May 29: Citizens set security, economy, unity priority for Tinubu
AHEAD of the inauguration of the President-elect, Bola Ahmed Tinubu, on Monday, Nigerians from all walks of life are listing some of their expectations for the incoming government.
Calling on Tinubu to hit the ground running immediately after the handover, they described their demands as top priorities.
Topmost in their expectations is the security challenges, which they hoped Tinubu will address without fear or sentiment, if he must get other sectors in the country fixed.
Ranking second in their list of demands from the incoming government is how to quickly fix what they described as the ‘comatose economy’ it is inheriting from President Muhammadu Buhari.
Third on the demand list is addressing the issue of restructuring and the governance system in the country, which many observers said would require the former Lagos State governor and his team to treat, not only with caution, but also with utmost sense of urgency.
“Without taking a critical look into the fundamentals of the 1999 Constitution to rearrange some things, Nigeria will continue to wallow in a constitutional crisis without solution.”
Also on the list of expectations is the need for the next president to address the Southeast or Igbo question, as according to them, Nigeria cannot continue to ‘ignore’ a quarter of its population and an entire region and expect to experience peace.
They doubt Tinubu’s ability to fight corruption, noting that if someone like President Buhari, despite his charisma, perceived uprightness and promises to stop corruption, could not achieve much, there is skepticism that the President-elect would be able to curb corruption.
Essentially, the outgoing administration is considered to have failed Nigerians in three critical areas of security, economy and restructuring.
In security, an estimated 63,111 people were said to have been killed since Buhari assumed office on May 29, 2015. According to data obtained from the Nigeria Security Tracker (NST), a project of the Council on Foreign Relations’ Africa programme, the deaths arose from terrorism, banditry, herders/farmers clashes, communal crises, cult clashes, and extra-judicial killings among others.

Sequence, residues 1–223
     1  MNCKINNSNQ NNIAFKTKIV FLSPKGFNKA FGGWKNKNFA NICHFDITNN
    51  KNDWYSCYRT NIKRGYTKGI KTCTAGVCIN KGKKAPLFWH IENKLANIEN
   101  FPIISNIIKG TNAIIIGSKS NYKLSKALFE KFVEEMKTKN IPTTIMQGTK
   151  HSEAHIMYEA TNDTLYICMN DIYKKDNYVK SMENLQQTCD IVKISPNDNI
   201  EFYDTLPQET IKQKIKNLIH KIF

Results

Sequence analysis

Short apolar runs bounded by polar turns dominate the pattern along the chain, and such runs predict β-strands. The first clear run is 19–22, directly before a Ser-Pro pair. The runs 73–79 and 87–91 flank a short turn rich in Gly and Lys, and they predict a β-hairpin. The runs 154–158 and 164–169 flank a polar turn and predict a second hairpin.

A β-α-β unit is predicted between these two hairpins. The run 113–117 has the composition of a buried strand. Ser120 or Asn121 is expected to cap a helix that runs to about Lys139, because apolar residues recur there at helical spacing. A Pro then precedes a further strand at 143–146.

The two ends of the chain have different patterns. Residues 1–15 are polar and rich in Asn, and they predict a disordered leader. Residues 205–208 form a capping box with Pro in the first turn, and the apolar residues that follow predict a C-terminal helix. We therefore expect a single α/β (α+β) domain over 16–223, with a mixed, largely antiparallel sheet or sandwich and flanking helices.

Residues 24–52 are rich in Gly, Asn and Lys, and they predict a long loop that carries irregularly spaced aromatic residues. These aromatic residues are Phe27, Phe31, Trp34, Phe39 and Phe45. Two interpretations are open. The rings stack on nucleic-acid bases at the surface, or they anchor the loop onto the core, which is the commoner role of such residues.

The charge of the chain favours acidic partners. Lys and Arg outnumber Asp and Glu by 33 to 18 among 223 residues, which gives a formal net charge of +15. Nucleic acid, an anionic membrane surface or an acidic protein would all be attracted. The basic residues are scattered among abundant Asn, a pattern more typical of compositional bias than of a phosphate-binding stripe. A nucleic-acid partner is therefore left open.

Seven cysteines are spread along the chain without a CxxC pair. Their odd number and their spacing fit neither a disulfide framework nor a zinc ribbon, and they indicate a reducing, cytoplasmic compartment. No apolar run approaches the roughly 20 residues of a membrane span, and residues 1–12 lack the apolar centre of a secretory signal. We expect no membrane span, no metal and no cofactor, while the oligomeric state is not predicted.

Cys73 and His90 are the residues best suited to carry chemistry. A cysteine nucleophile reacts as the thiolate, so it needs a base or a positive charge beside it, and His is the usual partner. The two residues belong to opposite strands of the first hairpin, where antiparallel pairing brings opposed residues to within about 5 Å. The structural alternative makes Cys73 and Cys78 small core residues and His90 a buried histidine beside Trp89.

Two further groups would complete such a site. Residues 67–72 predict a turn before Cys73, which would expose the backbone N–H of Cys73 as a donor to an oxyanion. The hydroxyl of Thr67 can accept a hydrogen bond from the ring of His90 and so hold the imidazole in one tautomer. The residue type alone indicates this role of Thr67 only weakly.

The economy is also said to have performed terribly on seven key economic parameters under the outgoing administration, with an unprecedented debt profile.
According to the National Bureau of Statistics (NBS), yearly inflation rate in Nigeria accelerated for the fifth consecutive month to 22.22 per cent in April 2023, reaching a nearly 18-year high.
A stalwart of defunct National Democratic Coalition (NADECO), Fred Agbeyegbe, said“ whatever anyone says about Tinubu, you won’t hear that Tinubu will not perform or deliver. What we have had in Nigeria so far is a government that never delivers. In terms of expectations, we are going to have a change in the presidential administration under him, which will be for the better.”
A former lawmaker from Rivers State, Bernard Mikko, said to expect that Tinubu will hit the ground running is like raising a false hope.
“Things have gone wrong beyond normal. We are not going to set an agenda for Tinubu, but we will diligently monitor and follow how he is implementing what he promised to achieve. As an astute politician with experience in the corporate world, oil industry for that matter, we don’t expect Tinubu to fail. He has shown the standard, so we don’t expect him to fumble. My advice to Nigerians is we should not expect anything but to monitor what Tinubu promised to do and point it out to him if he is veering off,” he said.
Also doubting the possibility that Tinubu can quickly achieve much as Nigerians expect of him in the area of security, elder statesman, Alani Akinrinade said the issue of security is not what any Nigerian, who understands the magnitude of the challenge should expect Tinubu to tackle in the shortest period of time.
In his own recommendation, constitutional lawyer, Afe Babalola has urged Tinubu, to prioritise Nigeria’s debt forgiveness from creditor-countries as well as bilateral financial institutions.